Olympian is a compact fig tree, reaching 6 to 10 feet at maturity, growing well in containers. The fruits are striped green and purple skin with red to violet flesh. These are large fruits with wonderfully sweet flavors.
Olympian fig trees produce two crops per year. There is a spring harvest and a harvest in the summer and fall.
9. Panache Tiger Stripe
If you live somewhere with hot summers and warm winters, Panache Tiger Stripe is one of the best fig tree varieties for you to grow. These trees grow in zones 8-10; they prefer to grow in the southwest. Therefore, it’s best only to grow these if you have a long, warm growing season.
Panache Tiger Stripe is a semi-dwarf fig tree that reaches 12 to 15 feet at full maturity. Gardeners love this variety because it produces fruits that are green and pale yellow striped with dark red flesh.
Once ripened, these fruits have a berry-like flavor, similar to a strawberry with a jam-like consistency. They’re excellent for fresh eating and making preserves.
10. Peter’s Honey
If you’re looking for a unique-looking fig, Peter’s Honey is a fantastic option. This tree grows well in zones 6 to 10, cold hardy down to 5°F.
Peter’s Honey is a semi-dwarf fig tree that reaches 12 to 18 feet tall at maturity, but it grows in a container well. Some say that it may grow up to 25 feet tall when grown in-ground.
The fruits make Peter’s Honey unique. The figs have a greenish-yellow skin with amber-colored skin, known for being very sweet and tender with a syrup-like honey flavor. That’s how it gets its name, and it’s perfect for fresh eating!
11. Ronde de Bordeaux
Here is another potentially cold-hardy fig tree variety, growing in zones 6 to 10. It’s possible to grow this tree even in zone 5 if you offer plenty of winter protection. However, the rootstock is hardy down to 5°F, so zone 5 will be questionable.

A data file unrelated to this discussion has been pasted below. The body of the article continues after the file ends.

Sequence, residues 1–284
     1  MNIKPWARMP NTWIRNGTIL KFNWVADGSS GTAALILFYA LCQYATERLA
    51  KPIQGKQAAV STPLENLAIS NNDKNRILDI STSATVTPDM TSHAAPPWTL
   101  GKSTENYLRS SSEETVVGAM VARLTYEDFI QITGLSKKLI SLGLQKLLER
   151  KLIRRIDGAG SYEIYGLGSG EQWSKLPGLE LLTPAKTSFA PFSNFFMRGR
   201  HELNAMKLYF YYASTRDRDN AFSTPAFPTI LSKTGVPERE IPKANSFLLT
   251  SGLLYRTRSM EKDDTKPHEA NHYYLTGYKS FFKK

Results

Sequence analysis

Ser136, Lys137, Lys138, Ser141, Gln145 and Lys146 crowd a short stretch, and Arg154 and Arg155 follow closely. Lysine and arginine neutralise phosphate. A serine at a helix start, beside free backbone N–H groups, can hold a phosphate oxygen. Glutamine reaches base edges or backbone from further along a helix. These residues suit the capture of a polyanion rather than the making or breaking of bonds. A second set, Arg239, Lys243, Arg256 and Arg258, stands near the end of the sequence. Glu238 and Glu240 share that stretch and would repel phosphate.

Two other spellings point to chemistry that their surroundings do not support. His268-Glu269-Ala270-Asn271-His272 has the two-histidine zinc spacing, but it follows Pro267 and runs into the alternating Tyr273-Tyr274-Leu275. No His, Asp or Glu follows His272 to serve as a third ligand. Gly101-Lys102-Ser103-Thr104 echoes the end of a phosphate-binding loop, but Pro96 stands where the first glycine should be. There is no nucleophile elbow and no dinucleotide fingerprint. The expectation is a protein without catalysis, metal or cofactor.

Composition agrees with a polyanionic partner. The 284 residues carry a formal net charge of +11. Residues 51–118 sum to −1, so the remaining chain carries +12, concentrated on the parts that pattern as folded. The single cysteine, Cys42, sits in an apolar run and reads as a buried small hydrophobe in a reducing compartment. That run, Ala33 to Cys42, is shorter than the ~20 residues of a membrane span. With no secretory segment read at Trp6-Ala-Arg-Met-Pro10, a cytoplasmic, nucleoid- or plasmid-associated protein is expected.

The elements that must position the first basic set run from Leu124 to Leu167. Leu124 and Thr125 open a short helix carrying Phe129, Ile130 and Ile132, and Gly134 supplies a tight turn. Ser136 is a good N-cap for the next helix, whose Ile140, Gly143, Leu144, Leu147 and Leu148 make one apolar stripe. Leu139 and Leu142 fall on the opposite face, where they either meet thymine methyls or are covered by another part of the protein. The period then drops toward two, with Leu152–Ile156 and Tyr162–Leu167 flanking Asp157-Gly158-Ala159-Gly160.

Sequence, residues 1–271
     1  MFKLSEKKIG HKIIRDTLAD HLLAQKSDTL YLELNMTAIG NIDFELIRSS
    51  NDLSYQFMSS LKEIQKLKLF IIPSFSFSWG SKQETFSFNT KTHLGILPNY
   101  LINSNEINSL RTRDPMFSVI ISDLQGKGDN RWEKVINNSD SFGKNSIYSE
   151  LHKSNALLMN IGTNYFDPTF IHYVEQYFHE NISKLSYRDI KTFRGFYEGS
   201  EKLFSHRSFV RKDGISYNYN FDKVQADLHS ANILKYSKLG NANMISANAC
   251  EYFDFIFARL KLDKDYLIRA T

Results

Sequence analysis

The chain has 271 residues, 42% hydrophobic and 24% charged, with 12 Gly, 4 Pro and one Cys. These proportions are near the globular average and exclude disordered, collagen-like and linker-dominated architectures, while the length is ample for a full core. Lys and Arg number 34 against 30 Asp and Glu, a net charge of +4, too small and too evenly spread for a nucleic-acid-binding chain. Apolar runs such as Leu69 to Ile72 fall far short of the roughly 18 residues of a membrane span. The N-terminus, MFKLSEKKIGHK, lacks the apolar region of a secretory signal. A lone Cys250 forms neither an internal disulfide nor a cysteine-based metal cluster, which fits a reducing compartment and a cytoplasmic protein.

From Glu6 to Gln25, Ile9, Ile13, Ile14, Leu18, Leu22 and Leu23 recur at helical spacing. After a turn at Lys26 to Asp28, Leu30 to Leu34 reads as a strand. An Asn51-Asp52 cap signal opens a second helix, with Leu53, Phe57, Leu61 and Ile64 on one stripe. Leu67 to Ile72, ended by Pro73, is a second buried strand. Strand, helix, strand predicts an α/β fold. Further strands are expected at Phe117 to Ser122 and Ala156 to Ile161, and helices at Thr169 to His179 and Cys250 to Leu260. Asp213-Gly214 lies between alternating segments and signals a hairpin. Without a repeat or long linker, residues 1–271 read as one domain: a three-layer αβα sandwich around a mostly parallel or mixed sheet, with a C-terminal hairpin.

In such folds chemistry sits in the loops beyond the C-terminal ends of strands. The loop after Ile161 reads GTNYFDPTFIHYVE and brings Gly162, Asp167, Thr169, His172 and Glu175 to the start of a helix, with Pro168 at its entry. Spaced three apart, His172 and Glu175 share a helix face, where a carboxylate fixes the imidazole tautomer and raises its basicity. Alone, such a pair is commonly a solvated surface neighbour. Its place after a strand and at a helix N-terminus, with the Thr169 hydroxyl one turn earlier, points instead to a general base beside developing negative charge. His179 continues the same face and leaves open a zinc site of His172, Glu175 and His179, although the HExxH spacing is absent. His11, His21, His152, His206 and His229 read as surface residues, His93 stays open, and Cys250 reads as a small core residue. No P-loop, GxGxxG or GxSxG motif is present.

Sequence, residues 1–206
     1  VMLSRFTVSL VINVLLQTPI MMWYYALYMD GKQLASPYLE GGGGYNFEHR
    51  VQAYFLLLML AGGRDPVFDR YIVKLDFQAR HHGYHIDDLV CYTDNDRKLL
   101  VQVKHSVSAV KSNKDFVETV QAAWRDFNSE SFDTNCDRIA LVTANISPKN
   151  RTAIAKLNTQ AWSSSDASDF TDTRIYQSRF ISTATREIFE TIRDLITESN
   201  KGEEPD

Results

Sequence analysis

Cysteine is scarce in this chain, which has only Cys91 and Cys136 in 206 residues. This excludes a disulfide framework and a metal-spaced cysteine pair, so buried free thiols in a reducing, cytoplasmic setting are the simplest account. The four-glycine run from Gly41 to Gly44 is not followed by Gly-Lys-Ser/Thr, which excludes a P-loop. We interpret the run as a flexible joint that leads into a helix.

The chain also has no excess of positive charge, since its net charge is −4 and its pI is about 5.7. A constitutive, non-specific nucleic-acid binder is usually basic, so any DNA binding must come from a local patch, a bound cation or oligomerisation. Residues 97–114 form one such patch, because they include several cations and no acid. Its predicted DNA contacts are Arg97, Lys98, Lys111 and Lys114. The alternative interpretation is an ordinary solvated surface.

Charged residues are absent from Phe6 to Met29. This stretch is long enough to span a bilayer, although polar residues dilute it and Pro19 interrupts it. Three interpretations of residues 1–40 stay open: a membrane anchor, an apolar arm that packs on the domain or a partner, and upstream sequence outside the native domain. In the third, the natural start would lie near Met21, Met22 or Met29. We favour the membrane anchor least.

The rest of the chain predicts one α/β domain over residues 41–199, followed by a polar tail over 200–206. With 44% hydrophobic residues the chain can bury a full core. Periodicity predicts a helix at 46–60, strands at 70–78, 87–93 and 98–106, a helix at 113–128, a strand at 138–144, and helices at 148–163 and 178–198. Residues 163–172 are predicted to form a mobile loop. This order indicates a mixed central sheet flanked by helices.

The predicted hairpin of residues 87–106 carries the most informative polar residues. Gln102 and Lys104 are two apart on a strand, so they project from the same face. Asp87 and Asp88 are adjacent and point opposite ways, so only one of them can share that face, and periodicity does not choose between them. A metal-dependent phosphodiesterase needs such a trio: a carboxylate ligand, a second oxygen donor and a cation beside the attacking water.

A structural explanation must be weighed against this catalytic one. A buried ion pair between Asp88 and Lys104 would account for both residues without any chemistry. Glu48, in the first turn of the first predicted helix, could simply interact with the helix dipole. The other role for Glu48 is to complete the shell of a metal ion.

This is a semi-dwarf tree, reaching 8 to 15 feet tall. It’s a container-friendly option, so if you live in zone 5, growing it in a container may be the best option.
Ronde de Bordeaux fig trees produce small to medium-sized fruits with dark purple skin and reddish-pink flesh. The flesh is sweet and rich with hints of grapes, molasses, syrup, and berries. It’s utterly delicious!
12. Violette de Bordeaux
Violette de Bordeaux is a semi-dwarf fig tree that thrives in zones 7 to 9; it’s cold-hardy down to 5. Since it’s a semi-dwarf, it’s possible to grow this tree in a container or small space. The tree typically reaches 10 to 12 feet at maturity.
Violette produces small purplish to black fruit with red pulp. The flavor is similar to berries, so it’s an excellent choice for fresh eating and baking. Some say that Violette has the sweetest and richest flavor profile.
13. White Genoa
White Genoa is a semi-hardy fig tree variety, growing well in zones 7-9. The rootstock is hardy down to 5, so it’s possible to grow in zones six, maybe five if they have the proper frost protection.
This fig variety grows and ripens best when grown in cooler coastal or temperate climates. If you live somewhere with a hot, humid climate, it’s not recommended to grow White Genoa since these conditions lead to a large “eye” at the bottom, leading to spoilage.
White Genoa is a semi-dwarf fig tree that reaches up to 15 feet tall at maturity. It’s known for being a heavy and consistently bearing fig tree.
The fruits are large with yellowish-green skin and rose-colored flesh. Expect the flesh to have a sweet, honey flavor with touches of berries. White Genoa figs are ideal for fresh eating and preserving.
These are just a few of the different fig tree varieties you might grow in your backyard. Whether you want a compact tree for containers or a super-sweet yet tall tree, one of these varieties will suit your needs.